And here we encounter in one moment some of the hardest things about the refugee experience—that being a refugee is neither a noun nor a verb, but a stutter in time-space, always repeating. You are simultaneously always a refugee even when you are no longer a refugee. Once marked you always carry this existential “smell” of displacement. You realise that although you have lived through and always carry it with you, the experience doesn’t always correlate with what feels real or what is even true to memory. So, you’re always left with the annoying aftertaste of this particular trauma and its repetitive wounding without the necessary words to convey the experience. As details shift in telling and retelling you doubt your own experience of it. What is yours, what belongs to your family’s recollection, what belongs to the media of the time, what belongs to what you have revisited, becomes unclear.

Have you noticed that the quintessential image for the refugee, the photographs we have come to identify with the condition always has the refugee in flight? The refugee is always on the road somewhere, on a boat somewhere, on a plane somewhere, on a train somewhere, never ever arriving. Some are carrying umbrellas, bags, children, some even have coffins strapped to the back of bicycles, sewing machines, things, on heads, in carts, on bicycles, a long thick stream of people, a human river of desperation.

There is the home that is lost and the home that can never be remade or reclaimed. You are always traveling, unable to return and unable to truly settle or belong anywhere else. Geography is not a real factor here, beyond the idea and fact of journey.

My refugee experience was as a result of the Nigerian-Biafran Civil War of 1967 to 1970. As an Igbo, the so-called rebel ethnicity, even after the war was over, even after the “No Victor, No Vanquished” speech of the then Nigerian Head of State, General Yakubu Gowon, the Igbos till this day remain kind-of-refugees even in their ancestral lands. The war is always the spectre and will always be the spectre haunting them. There is something about the way that refugees, more than any other kind of displaced peoples, haunt the assurances of stability that modern statehood aspires to. Perhaps because this body is proof that we have advanced much less in our “humanness,” than we would like to believe.

Perhaps no other body causes as much unease as the body of the refugee. Refugees generate complex anxieties wherever in the world they go, wherever they try to resettle. I don’t think this is simply the result of native fears of being overrun by a horde of refugee barbarians. It may be partly a result of guilt—most nations who take in refugees are often morally obligated to do so, because they are wealthier and more stable economies are a result of a history of exploitation of others; or even, sometimes, they are directly responsible for creating the state of state collapse that created a particular group of refugees. This naturally creates feelings of resentment, and even compassion fatigue.

Perhaps the deeper fear is simply this: that in the body of the refugee we come to terms with the fragility of nationhood and stability. With the realisation that when we are looking into the face of refugees, we are looking directly into our own possibility. That there is nothing but a weird grace, a ruthless machinery of state, and our own collusion with it, keeping us from becoming refugees ourselves. This realisation, that identity is fluid and never actualised or ever stable, and our own denial of this, is at the heart of the human condition. We fear, and sometimes hate, refugees, because their existence is our deepest fear: that we don’t and never will belong anywhere.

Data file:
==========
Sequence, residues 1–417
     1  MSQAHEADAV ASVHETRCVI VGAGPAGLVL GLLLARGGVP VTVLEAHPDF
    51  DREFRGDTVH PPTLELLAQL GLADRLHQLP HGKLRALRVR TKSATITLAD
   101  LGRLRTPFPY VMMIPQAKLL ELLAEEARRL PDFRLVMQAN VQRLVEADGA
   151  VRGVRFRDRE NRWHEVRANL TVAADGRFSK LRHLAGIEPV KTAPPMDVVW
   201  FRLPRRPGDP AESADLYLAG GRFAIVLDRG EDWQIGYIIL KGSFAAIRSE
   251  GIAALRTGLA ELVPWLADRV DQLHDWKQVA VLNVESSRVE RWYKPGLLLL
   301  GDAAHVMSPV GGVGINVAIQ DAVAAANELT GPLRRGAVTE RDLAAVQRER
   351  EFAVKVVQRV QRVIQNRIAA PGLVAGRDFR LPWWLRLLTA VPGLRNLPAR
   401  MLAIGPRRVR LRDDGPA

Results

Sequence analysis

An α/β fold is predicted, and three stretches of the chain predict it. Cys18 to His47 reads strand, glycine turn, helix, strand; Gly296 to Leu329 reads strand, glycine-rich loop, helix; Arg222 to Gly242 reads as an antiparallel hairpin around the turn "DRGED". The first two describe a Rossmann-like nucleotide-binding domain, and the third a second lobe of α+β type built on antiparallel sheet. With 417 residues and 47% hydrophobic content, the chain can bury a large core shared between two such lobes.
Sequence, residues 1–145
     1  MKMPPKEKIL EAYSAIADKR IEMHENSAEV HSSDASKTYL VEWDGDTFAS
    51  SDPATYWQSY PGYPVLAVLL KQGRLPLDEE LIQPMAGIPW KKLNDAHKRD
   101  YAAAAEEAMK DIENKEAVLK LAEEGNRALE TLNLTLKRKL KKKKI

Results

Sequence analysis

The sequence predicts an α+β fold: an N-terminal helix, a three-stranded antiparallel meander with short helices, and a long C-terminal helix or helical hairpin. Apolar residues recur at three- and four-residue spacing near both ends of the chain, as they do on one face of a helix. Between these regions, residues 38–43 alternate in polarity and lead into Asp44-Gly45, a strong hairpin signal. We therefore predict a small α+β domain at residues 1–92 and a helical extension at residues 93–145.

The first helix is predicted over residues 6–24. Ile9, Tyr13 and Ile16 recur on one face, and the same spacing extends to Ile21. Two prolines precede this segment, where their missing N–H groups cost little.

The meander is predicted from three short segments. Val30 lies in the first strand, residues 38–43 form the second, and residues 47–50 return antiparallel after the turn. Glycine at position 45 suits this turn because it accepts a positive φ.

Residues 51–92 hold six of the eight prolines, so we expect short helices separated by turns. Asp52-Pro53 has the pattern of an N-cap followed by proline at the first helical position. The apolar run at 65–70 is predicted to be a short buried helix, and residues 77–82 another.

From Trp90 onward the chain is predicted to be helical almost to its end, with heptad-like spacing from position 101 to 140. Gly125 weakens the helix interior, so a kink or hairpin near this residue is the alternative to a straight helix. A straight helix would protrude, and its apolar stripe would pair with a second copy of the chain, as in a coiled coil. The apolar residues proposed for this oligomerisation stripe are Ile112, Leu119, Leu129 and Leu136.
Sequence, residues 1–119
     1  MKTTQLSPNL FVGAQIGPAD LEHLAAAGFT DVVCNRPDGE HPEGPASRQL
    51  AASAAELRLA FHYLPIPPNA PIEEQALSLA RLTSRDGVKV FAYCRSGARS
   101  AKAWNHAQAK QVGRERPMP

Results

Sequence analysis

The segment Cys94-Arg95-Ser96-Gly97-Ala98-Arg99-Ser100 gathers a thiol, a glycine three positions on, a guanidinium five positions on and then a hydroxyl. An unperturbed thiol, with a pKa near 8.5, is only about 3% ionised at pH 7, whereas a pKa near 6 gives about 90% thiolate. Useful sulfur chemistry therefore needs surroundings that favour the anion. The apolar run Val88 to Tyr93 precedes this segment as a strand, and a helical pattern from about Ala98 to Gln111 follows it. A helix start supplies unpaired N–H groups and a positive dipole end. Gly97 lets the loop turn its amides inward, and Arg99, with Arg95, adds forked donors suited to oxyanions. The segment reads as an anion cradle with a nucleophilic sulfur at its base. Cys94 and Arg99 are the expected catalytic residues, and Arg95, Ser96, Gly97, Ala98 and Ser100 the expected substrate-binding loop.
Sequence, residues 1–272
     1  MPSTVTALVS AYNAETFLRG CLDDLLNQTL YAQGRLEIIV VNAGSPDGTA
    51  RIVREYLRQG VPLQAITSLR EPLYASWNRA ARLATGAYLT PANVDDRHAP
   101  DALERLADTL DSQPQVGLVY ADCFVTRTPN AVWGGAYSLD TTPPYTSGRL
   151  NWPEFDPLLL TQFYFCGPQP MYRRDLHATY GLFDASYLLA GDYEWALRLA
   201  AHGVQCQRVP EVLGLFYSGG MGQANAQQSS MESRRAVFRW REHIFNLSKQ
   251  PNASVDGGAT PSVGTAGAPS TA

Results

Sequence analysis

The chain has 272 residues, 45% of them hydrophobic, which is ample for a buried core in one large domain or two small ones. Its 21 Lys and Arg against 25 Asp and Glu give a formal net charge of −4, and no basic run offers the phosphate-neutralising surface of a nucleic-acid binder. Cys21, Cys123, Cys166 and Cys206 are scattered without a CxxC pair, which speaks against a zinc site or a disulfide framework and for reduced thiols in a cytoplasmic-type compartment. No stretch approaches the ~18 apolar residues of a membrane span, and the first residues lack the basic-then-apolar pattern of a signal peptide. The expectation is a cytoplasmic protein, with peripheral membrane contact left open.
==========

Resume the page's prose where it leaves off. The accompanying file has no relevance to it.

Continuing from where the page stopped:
Contrary to all protestations, America is not really a nation of immigrants but rather of refugees. Trauma, displacement, and a fanatical hope have marked all Americans from the occupants of the Mayflower through every subsequent group who arrived, or were forcibly brought here. This is the unspoken and sometimes unacknowledged fear and fact of being American. This means that these unkind ghosts of our pasts, these spectres of self and previous nations that will not be dismissed so easily always attend our daily negotiations around identity.

This is a complex negotiation because while we all feel the inexplicable tug of nostalgia to identify with all parts of our historical pasts, we are torn when we actually have to inhabit any of those pasts. The very word, nostalgia, in its original meaning refers to the pain from an old wound. The sentimentality that often accompanies nostalgia is just a way to bear the pain while we revisit the wound.

This is why the refugee is the most challenging and most romantic body to the modern sensibility because it carries all the marks of the shadow that we have buried or at least blunted, and simultaneously all the possibility of our current status. We realise when we confront the refugee that we are staring into the mirror of our own memories of displacement. We remember the pain of their loss, one that still resides deep within us, and it calls to our own suffering and then we are caught in a web of extreme difficulty: how to balance our compassion with the need to define the limits of hospitality—both of which are needed if we are to help our displaced friends find their dignity again.